Theatre ticket prices rise as venues make up for funding cuts
Theatre ticket prices rose by more than 5% across the UK last year as venues sought to make up for funding cuts.
The average ticket price outside central London was £23.77 in 2014 - up 5.5% compared with 2013, according to a report from UK Theatre.
The increases come as many theatres have faced cuts to their council and government grants.
The UK Theatre figures do not cover the West End - where the average ticket price rose 5.1% to £42.29 last year.
UK Theatre president Rachel Tackley said: "We're seeing the result of the cuts that we've witnessed over many years and theatres have to make their own decisions about how they're able to cope with those.
"Do they reduce the quantity and quality of their work and numbers of people on stage, or do they put ticket prices up by what is actually not a huge amount?"
This is the first time comprehensive figures for ticket sales across the country have been compiled.
Prices rose much faster than overall inflation, which was around 1.5% between 2013 and 2014. But the rising prices did not stop people going to shows. More than 18 million tickets were sold in 2014 - up 2.4% since 2013.
Former UK Theatre executive director David Brownlee, who compiled the report, told BBC's Inside Out programme the rising prices were not just down to theatres charging more - theatregoers were also choosing more expensive seats.
"There's also a positive choice there by customers to be buying tickets at higher prices when, in almost all circumstances, they've got a choice in terms of price options," he said.
The rising prices and attendances meant total box office takings outside central London increased by 8% - from £396.9m in 2013 to £428.6m last year.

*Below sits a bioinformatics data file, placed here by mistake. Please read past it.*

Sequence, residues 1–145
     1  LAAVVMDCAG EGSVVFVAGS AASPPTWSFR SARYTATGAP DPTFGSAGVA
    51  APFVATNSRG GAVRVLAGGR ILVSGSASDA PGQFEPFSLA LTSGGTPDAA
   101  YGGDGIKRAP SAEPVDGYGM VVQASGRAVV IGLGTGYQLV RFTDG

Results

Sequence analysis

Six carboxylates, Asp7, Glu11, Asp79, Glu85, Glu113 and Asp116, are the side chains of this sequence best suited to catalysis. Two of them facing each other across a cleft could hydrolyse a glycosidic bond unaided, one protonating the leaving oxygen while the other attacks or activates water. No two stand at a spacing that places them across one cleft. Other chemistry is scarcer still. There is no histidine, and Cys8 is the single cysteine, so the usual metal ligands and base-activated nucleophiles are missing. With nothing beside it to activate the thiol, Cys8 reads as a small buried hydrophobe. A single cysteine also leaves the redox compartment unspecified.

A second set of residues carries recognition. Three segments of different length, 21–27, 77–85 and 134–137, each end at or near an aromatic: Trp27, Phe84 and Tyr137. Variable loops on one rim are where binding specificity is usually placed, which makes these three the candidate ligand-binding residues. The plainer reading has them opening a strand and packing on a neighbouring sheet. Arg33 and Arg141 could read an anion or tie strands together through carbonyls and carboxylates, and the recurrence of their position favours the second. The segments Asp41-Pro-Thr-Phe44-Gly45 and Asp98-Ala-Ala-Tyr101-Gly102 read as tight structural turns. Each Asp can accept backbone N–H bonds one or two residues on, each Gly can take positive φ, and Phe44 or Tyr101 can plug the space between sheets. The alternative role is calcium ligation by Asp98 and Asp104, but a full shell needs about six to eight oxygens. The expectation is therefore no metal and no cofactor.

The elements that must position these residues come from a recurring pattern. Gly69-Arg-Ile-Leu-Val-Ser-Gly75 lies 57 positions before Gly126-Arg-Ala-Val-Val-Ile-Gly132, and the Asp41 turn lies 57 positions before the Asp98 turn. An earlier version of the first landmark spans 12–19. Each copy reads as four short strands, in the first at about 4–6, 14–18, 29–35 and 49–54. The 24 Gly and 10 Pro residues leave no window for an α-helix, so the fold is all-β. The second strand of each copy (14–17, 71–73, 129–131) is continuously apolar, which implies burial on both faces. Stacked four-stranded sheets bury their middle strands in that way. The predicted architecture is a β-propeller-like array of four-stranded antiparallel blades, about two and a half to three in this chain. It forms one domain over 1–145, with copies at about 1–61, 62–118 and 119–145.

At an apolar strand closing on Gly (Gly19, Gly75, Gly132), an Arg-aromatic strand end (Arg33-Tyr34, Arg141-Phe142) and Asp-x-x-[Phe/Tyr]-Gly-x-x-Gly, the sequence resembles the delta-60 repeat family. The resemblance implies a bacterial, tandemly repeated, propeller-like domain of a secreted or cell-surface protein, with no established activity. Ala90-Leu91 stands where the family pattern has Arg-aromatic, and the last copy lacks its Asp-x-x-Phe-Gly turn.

|Family theatre||1,000,598||1,011,569||Up 1.1%|
|Musicals - adult||2,983,357||2,295,674||Down 23.1%|
|Musicals - family||1,924,528||2,746,734||Up 42.7%|
Musicals were the most popular shows, with five million tickets sold in 2014. Hit touring shows like The Lion King and Wicked meant sales for family-friendly musicals in particular rose 43%.
Demand for plays, on the other hand, was down 7% - from 3.9 million tickets sold in 2013 to 3.6 million last year.
Plays were most popular in the West Midlands - partly because of the presence of the Royal Shakespeare Company in Stratford-upon-Avon.
Opera was most popular in Wales, with comedy big in the east of England and variety particularly successful in the south-west.
|Region||More popular||Less popular|
|East||Comedy, dance, variety||Plays|
|South||Plays||Panto, family theatre|
|South East||Dance, panto||Musicals, plays|
|North West||Musicals||Family theatre, dance, comedy|
|East Midlands||Dance, comedy||Plays, opera|
|North East||Panto, dance||Variety|
|Scotland||Musicals, opera||Comedy, plays|
|South West||Variety, opera||Family theatre, plays|
|West Midlands||Plays||Variety, pantomime|
Newcastle Theatre Royal is one of those that has suffered funding cuts. Its city council grant, which amounted to £630,000 three years ago, has been scrapped.
Chief executive Philip Bernays said: "We have had to increase our ticket prices, largely through bringing in a booking fee, in order to make up the loss of funding.
"At the same time we have made the programme broadly more popular. Ours was not a hugely risky programme but there is less 'hard' work now on our stage.
"But making the programme popular has increased attendances, so we have both put up prices and we have more people coming through the doors, and the two things together mean we have covered - and more - the loss of funding."
In West Sussex, the Chichester Festival Theatre has lost £300,000 of annual local government funding. In response, it has introduced a flexible pricing system, adding up to £5 to the top ticket prices if shows prove popular once they go on sale.
The strategy earns £100,000 per year, according to executive director Alan Finch. He said: "Because we've lost about 50% of local authority funding, we had to look at how we fill the gap.
"We want to continue to produce work at the same level. Costs are going up and income is going down."
Inside Out is broadcast on BBC One on Monday, 2 November at 19:30 GMT and nationwide thereafter on the iPlayer for 30 days.